“We could do something else, you know,” she ventured.  She looked up at Kassie quickly, then away.  She seemed to be studying the tiny vase of blue straw flowers that Kassie’s mom kept on the second shelf of the cabinet above the toilet.  That vase had been there, she thought, forever.  As long as she could remember, anyway.  They, she and Kassie, had been friends since Grade 2, when they were six years old.  Seven years.  A long time.

Kassie said into the mirror, “Don’t come, if you don’t want to.”  Her words were flat, but she darted a quick glance in the mirror at her best friend.  She didn’t want to do this alone, but if Jess bailed on her. . .  Well, she would.  She’d do it.  This party was their chance and she wasn’t about to blow it.  Her stomach tightened at this last thought and she was suddenly grateful she hadn’t eaten supper.

Laid out on the vanity counter was an array of her mother’s lipsticks.  From the time she was little she had loved to come in and rummage through the drawer where her mom kept her dizzying collection of cosmetics.  Why her mom had all this stuff, she couldn’t figure, because other than once or twice a year Kassie never saw her wearing any of it.  The drawer had a nice smell when you opened it, like flowers and powder, but of something else, too.  It was the smell of ‘grown-up’, and in it was a mystery, a secret something about the woman her mother was, not the mom part, but the other part, the part Kassie tried to find every time she came in and fooled around with her mother’s makeup.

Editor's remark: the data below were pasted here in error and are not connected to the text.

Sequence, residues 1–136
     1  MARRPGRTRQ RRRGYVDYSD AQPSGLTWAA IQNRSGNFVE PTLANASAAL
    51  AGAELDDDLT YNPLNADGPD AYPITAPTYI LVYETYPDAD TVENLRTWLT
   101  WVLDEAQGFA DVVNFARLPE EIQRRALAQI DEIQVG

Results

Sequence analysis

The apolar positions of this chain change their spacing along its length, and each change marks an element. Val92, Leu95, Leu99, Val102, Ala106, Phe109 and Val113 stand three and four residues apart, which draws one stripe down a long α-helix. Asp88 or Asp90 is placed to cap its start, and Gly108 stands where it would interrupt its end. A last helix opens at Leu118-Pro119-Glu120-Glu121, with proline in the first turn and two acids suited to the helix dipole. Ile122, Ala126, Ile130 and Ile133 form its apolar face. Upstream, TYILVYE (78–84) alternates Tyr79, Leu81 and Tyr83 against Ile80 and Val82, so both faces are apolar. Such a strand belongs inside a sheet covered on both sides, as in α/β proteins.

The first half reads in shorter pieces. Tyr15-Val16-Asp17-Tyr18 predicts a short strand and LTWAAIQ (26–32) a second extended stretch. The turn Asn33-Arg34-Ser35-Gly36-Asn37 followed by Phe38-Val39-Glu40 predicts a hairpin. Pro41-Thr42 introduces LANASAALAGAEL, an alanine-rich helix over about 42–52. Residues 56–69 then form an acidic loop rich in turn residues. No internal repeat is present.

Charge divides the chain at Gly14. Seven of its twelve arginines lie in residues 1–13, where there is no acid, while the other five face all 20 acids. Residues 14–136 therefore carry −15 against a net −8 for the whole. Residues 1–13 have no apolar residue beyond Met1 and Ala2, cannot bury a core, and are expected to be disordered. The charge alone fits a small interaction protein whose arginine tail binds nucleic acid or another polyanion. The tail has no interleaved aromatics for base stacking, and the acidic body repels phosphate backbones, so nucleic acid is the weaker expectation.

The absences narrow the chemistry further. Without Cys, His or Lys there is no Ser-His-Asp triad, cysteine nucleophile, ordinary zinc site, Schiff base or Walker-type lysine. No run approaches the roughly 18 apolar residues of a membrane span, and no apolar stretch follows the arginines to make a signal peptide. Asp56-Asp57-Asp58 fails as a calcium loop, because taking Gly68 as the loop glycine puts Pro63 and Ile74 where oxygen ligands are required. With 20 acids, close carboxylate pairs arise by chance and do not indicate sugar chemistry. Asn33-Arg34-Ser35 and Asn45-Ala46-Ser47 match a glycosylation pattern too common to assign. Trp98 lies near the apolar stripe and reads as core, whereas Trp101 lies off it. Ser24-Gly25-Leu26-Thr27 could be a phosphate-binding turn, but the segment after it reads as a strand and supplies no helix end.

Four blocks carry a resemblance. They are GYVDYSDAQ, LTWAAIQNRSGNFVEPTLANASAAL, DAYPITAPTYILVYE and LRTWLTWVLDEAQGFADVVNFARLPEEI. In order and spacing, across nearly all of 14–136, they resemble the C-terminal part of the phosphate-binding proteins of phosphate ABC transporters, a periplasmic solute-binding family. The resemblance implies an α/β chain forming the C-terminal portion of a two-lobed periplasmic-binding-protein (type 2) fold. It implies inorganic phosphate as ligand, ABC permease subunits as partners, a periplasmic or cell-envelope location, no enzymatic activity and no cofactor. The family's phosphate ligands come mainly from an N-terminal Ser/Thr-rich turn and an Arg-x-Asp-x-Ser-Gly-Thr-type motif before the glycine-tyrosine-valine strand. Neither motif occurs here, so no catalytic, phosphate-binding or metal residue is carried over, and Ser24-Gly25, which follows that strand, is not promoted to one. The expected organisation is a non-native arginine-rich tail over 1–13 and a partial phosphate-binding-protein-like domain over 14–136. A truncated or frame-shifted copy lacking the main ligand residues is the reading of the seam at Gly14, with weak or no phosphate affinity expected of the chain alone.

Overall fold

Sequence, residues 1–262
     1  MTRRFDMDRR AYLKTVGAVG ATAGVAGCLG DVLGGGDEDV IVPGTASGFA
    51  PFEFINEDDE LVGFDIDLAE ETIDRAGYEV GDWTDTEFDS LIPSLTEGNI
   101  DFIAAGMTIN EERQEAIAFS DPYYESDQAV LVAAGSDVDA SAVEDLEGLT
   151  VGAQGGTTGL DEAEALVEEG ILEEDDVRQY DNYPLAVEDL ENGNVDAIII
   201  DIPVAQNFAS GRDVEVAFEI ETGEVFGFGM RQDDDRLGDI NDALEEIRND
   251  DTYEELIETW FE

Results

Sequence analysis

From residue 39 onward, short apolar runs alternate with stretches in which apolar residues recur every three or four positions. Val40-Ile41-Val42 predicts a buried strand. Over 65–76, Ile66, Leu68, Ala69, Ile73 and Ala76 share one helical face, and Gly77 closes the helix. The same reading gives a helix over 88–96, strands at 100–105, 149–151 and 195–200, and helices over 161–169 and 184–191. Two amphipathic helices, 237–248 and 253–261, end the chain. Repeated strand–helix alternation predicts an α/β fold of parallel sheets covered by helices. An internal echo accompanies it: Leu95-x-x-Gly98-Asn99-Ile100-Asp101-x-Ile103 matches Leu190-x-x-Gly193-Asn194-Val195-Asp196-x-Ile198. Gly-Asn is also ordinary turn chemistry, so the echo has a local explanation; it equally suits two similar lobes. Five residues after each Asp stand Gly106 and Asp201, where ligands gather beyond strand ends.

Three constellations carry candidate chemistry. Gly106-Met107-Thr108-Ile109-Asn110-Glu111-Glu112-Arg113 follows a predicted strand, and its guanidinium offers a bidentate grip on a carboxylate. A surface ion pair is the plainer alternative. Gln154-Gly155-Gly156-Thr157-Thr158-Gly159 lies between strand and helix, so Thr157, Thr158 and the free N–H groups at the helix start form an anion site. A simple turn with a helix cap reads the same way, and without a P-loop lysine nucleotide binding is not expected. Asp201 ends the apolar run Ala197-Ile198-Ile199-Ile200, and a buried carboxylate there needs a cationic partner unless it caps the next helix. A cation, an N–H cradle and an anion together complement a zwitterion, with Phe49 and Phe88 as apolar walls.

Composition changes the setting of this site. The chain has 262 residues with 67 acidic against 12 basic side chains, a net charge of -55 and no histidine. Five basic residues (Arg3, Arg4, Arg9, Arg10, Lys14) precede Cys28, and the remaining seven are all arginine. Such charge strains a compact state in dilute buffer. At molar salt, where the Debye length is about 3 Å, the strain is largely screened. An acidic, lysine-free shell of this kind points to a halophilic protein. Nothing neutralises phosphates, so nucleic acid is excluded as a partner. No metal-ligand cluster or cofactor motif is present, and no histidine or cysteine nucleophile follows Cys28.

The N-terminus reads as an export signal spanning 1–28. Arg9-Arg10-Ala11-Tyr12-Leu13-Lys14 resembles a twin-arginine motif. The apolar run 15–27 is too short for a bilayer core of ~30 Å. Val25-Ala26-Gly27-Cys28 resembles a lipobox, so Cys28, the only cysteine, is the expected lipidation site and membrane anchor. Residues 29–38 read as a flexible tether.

“You know I want to go, it’s just. . .”  Jess’ voice trailed off.  She reached out and picked up a shiny silver tube, plucked off the top and rolled up the lip colour.  It was a brilliant shade of red.  She looked up at Kassie.  “This is wrong, Kass.”  A tear slid from the corner of one eye.

Angrily Kassie snatched the tube from Jess.  “I told you, don’t come, then.”  She couldn’t believe this.  Her best friend, the one person she counted on, the one who knew, was chickening out.  “You don’t even have to do anything, for crying out loud.  If you don’t want to. “  She leaned back against the door and slid down to the floor, her knees tucked in tight to her chest.  Her flat chest.  She sighed.  Now she felt like crying.  “You were all excited about this when they asked us.”  Her voice trembled, and when she looked up Jess saw the tears brimming in her eyes.